Nearly 8 years after Apple put the word “Pro” in the name of an iPad, they have finally announced that they will be putting some of their own professional software on the platform. Apple today announced that they will be releasing iPad versions of their digital audio workstation (DAW) Logic Pro as well as the non-linear video editor (NLE) Final Cut Pro as subscription apps on a monthly or annual basis. Logic Pro has long been a favorite among composers and orchestrators for its sequencing features and asset library, among many other tools.
The iPad version is not yet available, but Apple has published a press release and promotional video showing the familiar desktop features and tools, along with a handful of new optimizations for touch input.
There are some features that seem perfectly suited to the iPad’s touch and stylus inputs. In the video, you can see users drawing in automation curves with a stylus and playing on-screen, multitouch piano keyboards and guitars. There is also a new plug-in called Beat Breaker, the details of which are a bit unclear, but Apple’s new Logic Pro for iPad page describes it as “The time and pitch morphing functions of Beat Breaker let you swipe and pinch to radically reshape and shuffle sounds instantly.”
This won’t be Apple’s first attempt at media creation software on the iPad. Logic Pro and Final Cut Pro join the simpler and more consumer-friendly media apps GarageBand and iMovie, both of which have been available since 2011 and are currently available free in the App Store. Apple positions both as stepping stones to the more costly and powerful pro apps. On the Mac, the features and interfaces of the consumer and pro apps have been converging to make the transition between the two easier, sometimes to the frustration of longtime pro users.
In addition to first-party software from Apple, these new professional media apps will be competing with established third-party iPad apps, including DAWs like Steinberg’s Cubasis and Wooji Juice’s Ferrite, as well as NLEs like LumaFusion and DaVinci Resolve.
Pricing, availability, compatibility
Logic Pro and Final Cut Pro for iPad will be released May 23, and will be available on a subscription basis: $4.99 (US) per month or $49 (US) per year. (For comparison, the desktop versions of the same software sell for $200 and $300 respectively, as one-time perpetual licenses with free upgrades.)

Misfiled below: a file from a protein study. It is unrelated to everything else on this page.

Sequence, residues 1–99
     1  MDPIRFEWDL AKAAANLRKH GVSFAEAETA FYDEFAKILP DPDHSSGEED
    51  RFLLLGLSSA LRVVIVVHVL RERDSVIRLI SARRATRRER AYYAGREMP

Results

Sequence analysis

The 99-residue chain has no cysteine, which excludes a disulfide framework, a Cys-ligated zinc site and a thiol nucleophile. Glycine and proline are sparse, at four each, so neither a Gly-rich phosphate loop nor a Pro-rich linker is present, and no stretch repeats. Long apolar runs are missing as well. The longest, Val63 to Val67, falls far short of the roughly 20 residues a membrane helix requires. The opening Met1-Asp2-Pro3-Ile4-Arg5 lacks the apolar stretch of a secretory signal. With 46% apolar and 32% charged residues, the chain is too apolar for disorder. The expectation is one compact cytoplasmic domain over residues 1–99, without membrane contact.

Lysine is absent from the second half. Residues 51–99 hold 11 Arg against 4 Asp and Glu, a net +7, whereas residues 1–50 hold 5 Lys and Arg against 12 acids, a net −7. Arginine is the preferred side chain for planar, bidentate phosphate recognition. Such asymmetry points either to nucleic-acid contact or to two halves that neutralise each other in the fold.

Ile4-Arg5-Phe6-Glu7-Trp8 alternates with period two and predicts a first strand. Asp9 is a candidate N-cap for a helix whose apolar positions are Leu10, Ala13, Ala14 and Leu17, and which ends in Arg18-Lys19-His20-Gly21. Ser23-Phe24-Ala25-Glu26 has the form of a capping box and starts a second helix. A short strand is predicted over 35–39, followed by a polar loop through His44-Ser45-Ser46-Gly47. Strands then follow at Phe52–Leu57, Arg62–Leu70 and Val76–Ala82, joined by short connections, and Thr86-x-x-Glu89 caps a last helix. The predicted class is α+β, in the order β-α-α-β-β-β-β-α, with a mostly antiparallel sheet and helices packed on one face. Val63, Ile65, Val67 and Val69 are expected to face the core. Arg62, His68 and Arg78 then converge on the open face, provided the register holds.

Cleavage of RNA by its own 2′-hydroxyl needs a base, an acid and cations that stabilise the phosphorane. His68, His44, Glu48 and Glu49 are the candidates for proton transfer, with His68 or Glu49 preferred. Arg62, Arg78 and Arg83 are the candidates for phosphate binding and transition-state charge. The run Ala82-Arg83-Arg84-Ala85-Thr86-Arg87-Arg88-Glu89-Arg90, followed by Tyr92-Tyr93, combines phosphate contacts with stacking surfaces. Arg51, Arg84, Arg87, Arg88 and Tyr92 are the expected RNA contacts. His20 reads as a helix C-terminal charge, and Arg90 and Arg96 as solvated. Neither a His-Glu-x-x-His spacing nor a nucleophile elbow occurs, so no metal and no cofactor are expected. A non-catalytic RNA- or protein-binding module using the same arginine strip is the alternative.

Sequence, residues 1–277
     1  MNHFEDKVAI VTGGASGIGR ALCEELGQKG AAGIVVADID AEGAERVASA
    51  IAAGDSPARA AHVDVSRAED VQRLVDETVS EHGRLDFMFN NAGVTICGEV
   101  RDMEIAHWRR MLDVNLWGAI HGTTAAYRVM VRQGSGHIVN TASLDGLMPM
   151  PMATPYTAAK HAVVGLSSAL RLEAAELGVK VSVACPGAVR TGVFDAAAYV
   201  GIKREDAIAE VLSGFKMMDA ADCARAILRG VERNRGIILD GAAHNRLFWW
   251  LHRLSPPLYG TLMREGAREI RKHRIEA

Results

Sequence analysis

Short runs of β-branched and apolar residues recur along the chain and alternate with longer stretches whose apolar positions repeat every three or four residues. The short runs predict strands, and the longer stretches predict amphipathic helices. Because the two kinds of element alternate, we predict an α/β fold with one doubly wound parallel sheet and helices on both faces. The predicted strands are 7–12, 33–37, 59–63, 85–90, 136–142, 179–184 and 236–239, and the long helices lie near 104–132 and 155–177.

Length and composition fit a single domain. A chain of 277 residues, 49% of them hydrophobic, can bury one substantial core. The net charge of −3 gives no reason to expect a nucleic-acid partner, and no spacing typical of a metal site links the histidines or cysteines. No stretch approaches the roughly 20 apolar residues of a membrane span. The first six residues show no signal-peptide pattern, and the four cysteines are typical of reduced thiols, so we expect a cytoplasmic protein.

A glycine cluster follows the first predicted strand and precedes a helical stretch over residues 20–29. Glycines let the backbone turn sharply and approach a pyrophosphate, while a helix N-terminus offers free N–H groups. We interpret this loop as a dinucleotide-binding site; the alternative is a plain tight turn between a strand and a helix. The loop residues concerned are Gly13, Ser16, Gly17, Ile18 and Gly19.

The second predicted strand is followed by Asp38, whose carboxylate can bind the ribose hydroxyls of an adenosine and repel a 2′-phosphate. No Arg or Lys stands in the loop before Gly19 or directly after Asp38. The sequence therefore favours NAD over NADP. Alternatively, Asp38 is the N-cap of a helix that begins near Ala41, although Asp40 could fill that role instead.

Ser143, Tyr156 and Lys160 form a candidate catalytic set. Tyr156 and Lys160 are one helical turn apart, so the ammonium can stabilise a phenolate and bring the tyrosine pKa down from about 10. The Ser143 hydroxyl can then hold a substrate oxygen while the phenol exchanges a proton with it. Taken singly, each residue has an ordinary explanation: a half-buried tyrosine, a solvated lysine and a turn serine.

The new pro media apps will require an A12 processor or greater, which goes back to the 2018 iPad Pro, 2019 iPad Air and Mini, and 2020 iPad. They also require iPadOS 16.4 or later.
It is great to see Apple finally putting their software money where their hardware-marketing mouth is. I definitely intend to download these applications—especially Logic Pro—and experiment with them in the coming months. However, I suspect it will take a lot to pry me away from my existing Mac workflows for audio production. It will be hard for iPad hardware to compete with larger displays and dedicated hardware for audio and MIDI input. Though I can plug my iPad into a display and use USB to connect other devices, I’m not keen on disassembling a long-functional desktop setup to do that.
If anything, I imagine using Logic Pro for iPad as a way to check in on projects and tweak things on the go, but the problem there is keeping track of all the linked media files, considering that file management on iPadOS is still a bit tedious, as well as all the missing plugins and virtual instruments that I wouldn’t have access to on my iPad. It’s worth noting that iPadOS does have robust support for AudioUnit plugins (AUv3). However, while there are some genuinely great AUv3 plugins available on the App Store, they are almost all geared toward commercial music production. As I wrote in my initial review of Dorico for iPad, which also supports AUv3 instruments, there are very few options for the kinds of virtual instruments I rely on to imitate acoustic instruments.
This is a significant development for iPad users, and it is my hope that having a robust, first-party DAW on iPad will encourage competitors as well as plugin vendors on the platform. Perhaps having Logic Pro available may make it more likely that we could see iPad versions of our favorite sample libraries to use with our iPad notation software. And the overall result may be that iPad is taken more seriously as a platform for professional musicians.
And speaking of iPads in the hands of professional musicians (How ’bout that segue?), stay tuned to Scoring Notes for a major update to my round-up of iPad score readers later this month, as well as related coverage at next month’s MOLA Conference and Tech Fair in Berlin!